So Hawthorn comes up with her own theory for Lizzie’s disappearance. A theory way too absurd to take seriously…at first. The more Hawthorn talks, the more she believes. And what better way to collect evidence than to immerse herself in Lizzie’s life? Like getting a job at the diner where Lizzie worked and hanging out with Lizzie’s boyfriend. After all, it’s not as if he killed her—or did he?

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Review:

Hawthorn sees the world differently, which is something that I always appreciate in a character. She is kind of an outcast, and she has a wild imagination. Hawthorn isn’t sure if she necessarily believes everything that she imagines, but she likes to believe that something strange or magical could exist, which I can relate to.

Hawthorn puts herself into some interesting situations, and its sometimes tough to wonder how she thinks that the things she is doing are okay. But that’s part of growing up, finding your way and making mistakes along the way. After all, it’s not as though Hawthorn has the best relationship with her parents and her brother. They don’t really understand her, and let her run wild because they figure that some socialization is better than being an outcast, which Hawthorn is for the most part.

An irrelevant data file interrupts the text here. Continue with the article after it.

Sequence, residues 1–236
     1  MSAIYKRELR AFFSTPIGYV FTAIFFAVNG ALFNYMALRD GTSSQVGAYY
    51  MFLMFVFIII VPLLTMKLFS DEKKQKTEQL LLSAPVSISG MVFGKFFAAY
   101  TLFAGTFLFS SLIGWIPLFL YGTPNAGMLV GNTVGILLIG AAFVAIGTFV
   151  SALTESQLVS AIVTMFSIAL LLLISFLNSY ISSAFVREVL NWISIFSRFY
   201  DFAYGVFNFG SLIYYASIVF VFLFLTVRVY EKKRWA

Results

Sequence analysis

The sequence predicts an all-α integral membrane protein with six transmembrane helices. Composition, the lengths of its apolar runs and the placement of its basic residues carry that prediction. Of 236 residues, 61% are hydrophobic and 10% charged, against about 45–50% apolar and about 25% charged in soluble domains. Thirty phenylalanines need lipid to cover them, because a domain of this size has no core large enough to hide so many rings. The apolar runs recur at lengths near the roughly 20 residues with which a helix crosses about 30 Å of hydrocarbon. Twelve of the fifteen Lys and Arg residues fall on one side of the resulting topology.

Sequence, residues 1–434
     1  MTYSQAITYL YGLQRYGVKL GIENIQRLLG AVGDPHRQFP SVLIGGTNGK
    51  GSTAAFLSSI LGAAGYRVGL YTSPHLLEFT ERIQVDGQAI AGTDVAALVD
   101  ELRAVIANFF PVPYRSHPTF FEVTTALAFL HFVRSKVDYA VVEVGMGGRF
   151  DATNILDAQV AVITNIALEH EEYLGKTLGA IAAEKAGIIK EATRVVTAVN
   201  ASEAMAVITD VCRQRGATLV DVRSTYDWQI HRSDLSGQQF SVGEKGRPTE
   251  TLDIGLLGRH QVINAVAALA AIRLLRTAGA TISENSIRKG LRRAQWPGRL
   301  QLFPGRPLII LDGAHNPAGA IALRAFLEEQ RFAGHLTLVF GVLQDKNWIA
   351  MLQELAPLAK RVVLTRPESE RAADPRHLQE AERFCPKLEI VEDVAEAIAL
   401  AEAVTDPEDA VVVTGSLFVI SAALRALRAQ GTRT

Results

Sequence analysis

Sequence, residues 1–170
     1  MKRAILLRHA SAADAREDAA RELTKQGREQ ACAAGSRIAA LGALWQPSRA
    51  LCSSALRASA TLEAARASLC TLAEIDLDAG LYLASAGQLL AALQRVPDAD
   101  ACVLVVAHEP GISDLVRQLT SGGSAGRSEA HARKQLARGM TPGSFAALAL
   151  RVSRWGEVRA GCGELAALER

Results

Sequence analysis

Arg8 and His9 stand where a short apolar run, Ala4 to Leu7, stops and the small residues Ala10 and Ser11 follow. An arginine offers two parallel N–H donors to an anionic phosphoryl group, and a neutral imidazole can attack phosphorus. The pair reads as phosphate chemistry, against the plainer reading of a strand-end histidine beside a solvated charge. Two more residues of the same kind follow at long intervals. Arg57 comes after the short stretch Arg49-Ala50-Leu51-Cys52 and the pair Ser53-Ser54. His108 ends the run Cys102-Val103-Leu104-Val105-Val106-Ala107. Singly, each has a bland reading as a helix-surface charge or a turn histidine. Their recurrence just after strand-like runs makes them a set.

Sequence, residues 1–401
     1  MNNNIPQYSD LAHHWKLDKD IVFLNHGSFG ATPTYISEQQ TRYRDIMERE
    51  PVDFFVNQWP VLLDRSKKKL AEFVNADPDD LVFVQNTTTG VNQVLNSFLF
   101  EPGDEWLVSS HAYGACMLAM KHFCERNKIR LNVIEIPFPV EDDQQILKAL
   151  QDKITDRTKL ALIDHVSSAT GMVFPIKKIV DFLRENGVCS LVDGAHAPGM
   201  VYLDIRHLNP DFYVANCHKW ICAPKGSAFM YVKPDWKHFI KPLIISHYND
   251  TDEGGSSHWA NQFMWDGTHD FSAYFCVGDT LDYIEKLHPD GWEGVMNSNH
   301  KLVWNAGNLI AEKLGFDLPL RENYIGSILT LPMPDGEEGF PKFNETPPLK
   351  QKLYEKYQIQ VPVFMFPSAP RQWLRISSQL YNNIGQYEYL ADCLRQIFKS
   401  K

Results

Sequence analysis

Throughout the book Hawthorn learns who she is and what that means to her. She realizes that not everything is as it seems on the surface, and that people often have dark and difficult things going on in their lives that they don’t let on about. This book really shows that you can’t always assume that people are as happy as they seem to be, and that everyone is a different person in someone else’s eyes.

I give this book 5/5 stars. It was a great, interesting read and I flew through the pages. I’m definitely looking forward to reading more from debut author Chelsea Sedoti.

What Light – Book Review

What Light - Book Review

Summary:

Sierra’s family runs a Christmas tree farm in Oregon—it’s a bucolic setting for a girl to grow up in, except that every year, they pack up and move to California to set up their Christmas tree lot for the season. So Sierra lives two lives: her life in Oregon and her life at Christmas. And leaving one always means missing the other.

Until this particular Christmas, when Sierra meets Caleb, and one life eclipses the other.